This first example is directed more at early language learners, but that more advanced language users can always learn something new. Highlight your language while building a snowman



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South East Cornerstone Early Learning and Care

What parents and caregivers can do to help their child learn language and expand vocabulary during fun, everyday activities



This first example is directed more at early language learners, but that more advanced language users can always learn something new.

Highlight your language while building a snowman

Help your child learn a new word while you have fun building a snowman together. You can help your child learn the word “roll” by using the Four S’s:



Say less – Use short, simple sentences so that your child doesn’t have too much information to take in at once. For example, “Let’s roll a snowball.”

Stress – Draw your child’s attention to the important word by stressing it and pausing for a moment before and after the word. For example, “Now we need to...roll...the head of the snowman.”

Go Slow – Slow down your speech to give your child more time to understand what you are saying and to give her a chance to say something herself.

Show – Young children learn language best when they can see what you’re talking about. So make sure to use the word “roll” while you’re doing the action together. For example, “We’re rolling such a big snowball!”

And Repeat, repeat, repeat – The more often your child hears the word, the easier it will be for her to understand and remember what it means. Repeat the word in many different situations, like when you’re rolling cookie dough or when your child is rolling a ball on the floor.


Help your child learn new words while baking cookies


Involve your child when making cookies by letting her stir, measure or add ingredients. Use new words, like “sift” or “sprinkle”, stressing the word as you say it. For example, “Are you ready to help me sprinkle the sugar on top?”

Then, show your child what the word means by doing the action or helping her do the action.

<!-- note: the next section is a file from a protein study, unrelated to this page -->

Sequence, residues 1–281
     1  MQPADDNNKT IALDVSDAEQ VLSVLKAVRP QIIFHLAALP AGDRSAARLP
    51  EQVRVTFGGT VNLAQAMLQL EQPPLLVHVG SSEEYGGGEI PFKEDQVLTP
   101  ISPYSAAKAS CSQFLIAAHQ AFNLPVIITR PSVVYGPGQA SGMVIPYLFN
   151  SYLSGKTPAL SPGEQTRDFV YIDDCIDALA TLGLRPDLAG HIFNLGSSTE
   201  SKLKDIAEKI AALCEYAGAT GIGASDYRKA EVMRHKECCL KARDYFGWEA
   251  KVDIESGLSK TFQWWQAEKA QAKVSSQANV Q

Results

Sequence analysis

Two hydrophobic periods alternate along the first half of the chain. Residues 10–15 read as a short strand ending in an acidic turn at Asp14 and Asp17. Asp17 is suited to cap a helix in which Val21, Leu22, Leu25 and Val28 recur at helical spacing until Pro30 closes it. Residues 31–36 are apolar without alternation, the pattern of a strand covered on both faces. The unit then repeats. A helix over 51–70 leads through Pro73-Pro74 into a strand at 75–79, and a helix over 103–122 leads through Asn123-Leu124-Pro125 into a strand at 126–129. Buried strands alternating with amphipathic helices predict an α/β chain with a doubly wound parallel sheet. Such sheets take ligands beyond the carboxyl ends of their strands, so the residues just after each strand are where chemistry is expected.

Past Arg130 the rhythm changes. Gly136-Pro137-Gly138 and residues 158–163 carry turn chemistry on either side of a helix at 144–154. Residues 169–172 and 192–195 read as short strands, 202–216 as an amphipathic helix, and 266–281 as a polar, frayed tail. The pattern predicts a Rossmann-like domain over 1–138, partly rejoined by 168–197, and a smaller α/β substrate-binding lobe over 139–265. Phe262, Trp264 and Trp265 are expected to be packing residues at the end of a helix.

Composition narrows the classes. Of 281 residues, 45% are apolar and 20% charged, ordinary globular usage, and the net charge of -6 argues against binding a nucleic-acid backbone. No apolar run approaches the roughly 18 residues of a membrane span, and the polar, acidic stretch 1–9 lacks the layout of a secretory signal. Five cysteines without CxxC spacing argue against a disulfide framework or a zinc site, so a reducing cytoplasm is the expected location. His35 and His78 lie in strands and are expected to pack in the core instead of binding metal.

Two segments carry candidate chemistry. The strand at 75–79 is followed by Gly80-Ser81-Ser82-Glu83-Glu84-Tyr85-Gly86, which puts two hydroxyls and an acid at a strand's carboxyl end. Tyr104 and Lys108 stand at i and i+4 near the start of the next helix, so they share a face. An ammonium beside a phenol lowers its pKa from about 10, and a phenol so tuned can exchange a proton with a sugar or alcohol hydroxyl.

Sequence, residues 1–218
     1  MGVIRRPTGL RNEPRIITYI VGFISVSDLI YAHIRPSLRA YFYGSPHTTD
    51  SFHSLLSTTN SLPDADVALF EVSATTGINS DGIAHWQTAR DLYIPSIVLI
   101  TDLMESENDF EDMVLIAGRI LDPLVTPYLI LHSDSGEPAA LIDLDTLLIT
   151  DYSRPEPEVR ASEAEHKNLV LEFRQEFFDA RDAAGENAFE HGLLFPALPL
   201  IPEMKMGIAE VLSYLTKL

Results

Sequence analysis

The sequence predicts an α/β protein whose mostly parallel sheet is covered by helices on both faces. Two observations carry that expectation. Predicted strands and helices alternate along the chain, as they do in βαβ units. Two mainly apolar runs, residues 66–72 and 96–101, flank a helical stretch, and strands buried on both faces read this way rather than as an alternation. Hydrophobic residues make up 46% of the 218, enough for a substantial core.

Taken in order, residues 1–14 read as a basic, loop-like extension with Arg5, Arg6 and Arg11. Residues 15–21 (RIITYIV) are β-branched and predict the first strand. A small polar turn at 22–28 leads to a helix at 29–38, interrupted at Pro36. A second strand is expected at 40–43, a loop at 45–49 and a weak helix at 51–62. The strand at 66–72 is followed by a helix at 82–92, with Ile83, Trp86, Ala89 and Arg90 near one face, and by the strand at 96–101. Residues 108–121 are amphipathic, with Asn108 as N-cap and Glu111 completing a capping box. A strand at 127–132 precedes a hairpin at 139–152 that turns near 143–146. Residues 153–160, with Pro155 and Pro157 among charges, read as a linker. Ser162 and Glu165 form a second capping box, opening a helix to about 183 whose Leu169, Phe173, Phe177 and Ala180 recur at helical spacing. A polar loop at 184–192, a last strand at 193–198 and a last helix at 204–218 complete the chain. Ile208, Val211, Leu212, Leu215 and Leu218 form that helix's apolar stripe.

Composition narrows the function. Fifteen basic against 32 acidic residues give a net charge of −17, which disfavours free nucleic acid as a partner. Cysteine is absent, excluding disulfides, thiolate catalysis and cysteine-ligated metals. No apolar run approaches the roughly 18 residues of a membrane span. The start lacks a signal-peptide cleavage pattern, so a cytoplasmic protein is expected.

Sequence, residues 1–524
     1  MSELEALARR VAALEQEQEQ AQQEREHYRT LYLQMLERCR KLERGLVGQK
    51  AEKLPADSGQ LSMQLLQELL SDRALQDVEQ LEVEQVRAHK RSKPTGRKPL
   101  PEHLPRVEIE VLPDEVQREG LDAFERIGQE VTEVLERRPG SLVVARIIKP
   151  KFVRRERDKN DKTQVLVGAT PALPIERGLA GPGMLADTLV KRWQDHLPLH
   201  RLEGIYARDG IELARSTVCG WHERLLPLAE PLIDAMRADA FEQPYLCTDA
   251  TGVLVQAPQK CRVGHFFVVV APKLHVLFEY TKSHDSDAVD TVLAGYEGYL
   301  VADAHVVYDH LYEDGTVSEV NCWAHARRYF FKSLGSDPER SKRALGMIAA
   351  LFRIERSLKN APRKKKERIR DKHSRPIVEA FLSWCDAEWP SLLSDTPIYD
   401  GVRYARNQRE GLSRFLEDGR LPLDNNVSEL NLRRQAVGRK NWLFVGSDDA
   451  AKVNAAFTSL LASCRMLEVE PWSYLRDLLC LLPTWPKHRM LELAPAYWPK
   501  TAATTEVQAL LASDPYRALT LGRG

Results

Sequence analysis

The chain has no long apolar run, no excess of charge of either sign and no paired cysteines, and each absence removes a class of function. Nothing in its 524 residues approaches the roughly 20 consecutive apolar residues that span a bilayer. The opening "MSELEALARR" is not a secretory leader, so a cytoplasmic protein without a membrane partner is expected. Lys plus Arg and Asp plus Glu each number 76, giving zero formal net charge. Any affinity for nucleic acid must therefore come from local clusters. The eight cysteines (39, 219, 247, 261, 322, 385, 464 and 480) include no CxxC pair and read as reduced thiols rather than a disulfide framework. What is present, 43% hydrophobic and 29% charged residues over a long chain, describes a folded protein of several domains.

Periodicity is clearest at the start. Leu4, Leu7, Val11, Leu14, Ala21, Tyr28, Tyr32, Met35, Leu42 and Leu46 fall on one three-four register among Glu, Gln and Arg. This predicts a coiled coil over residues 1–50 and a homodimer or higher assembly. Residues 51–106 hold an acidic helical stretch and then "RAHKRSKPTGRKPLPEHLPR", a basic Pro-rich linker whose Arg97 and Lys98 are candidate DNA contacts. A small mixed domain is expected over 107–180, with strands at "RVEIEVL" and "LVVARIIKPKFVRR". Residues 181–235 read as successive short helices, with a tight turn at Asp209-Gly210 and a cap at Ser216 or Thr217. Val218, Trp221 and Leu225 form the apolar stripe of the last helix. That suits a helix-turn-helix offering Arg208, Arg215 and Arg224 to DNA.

Next, take a moment to tell your child what the word means using simpler words. For example, “Sprinkle means to put a small amount of something on top of something else, but not cover it completely.”

Now, relate the word to your child’s experience. For example, “Remember that donut you had yesterday with the chocolate pieces sprinkled on top?”

Lastly, remember to repeat the new word in other situations. For example, if it begins to snow, you can say, “It snowed very lightly today. There is just a sprinkle of snow on the ground.”

Studies have shown that children who begin school with better awareness of the sounds they hear in words do better with early reading development. Children with strong vocabulary and language skills tend to do better in school.

Build sound awareness with winter crafts

With paper and crayons ready, ask your child to draw one thing that comes to their minds when they think of winter.

Now talk about the drawing. To build sound awareness, identify what your child drew and focus on the sound at the beginning of each word.

First, have the child Listen to the sound the first letter makes. For example, “You drew a snowflake. Listen. ‘Snowflake’ starts with the sss sound. Let’s listen for the sss sound.” To really draw the child’s attention to the sound, stretch it out. For example, ‘Sssnowflake’ starts with the sss sound.” (Remember to talk about the sound the letter makes, not the name of the letter.)

Now it’s time to Find One Like It. You draw something that begins with the same sound, point it out. For example, “Look, I drew a snowsuit! ‘Sssnowflake’ and ‘sssnowsuit’’ both start with the same sound, sss.” Keep the conversation going by asking your child if they can think of anything else that starts with the sss sound.

Give Your Child Choices

Familiar routines are perfect opportunities to cue your child to take a turn in a conversation. While bundling up to go out and play in the snow, here are some ways you can encourage your child to take a turn:



Ask choice questions – Ask you child a question that models simple choice responses. Do you want the blue sweater or the red sweater? Pause and wait for him to give an answer.

Make a comment in response to your child’s interest – For example, if your child is touching or looking at the zipper on his coat, you can help him do the zipper up and make a comment while you’re doing the action. For example, “Pull the zipper up...up...up!” Children with autism may find it easier to understand language when they can see the action associated with it.

Do something unexpected... and then wait – Children notice when things don’t happen the way they usually do, and they often have something to say about it. So, try doing something silly that he doesn’t expect. For example, after helping your child put on one of his mittens, take his boot and put it on his other hand. Then wait, without saying anything, to see what he’ll say about your silly mistake!

These suggestions are from The Hanen Centre



For more information go to



www.hanen.org



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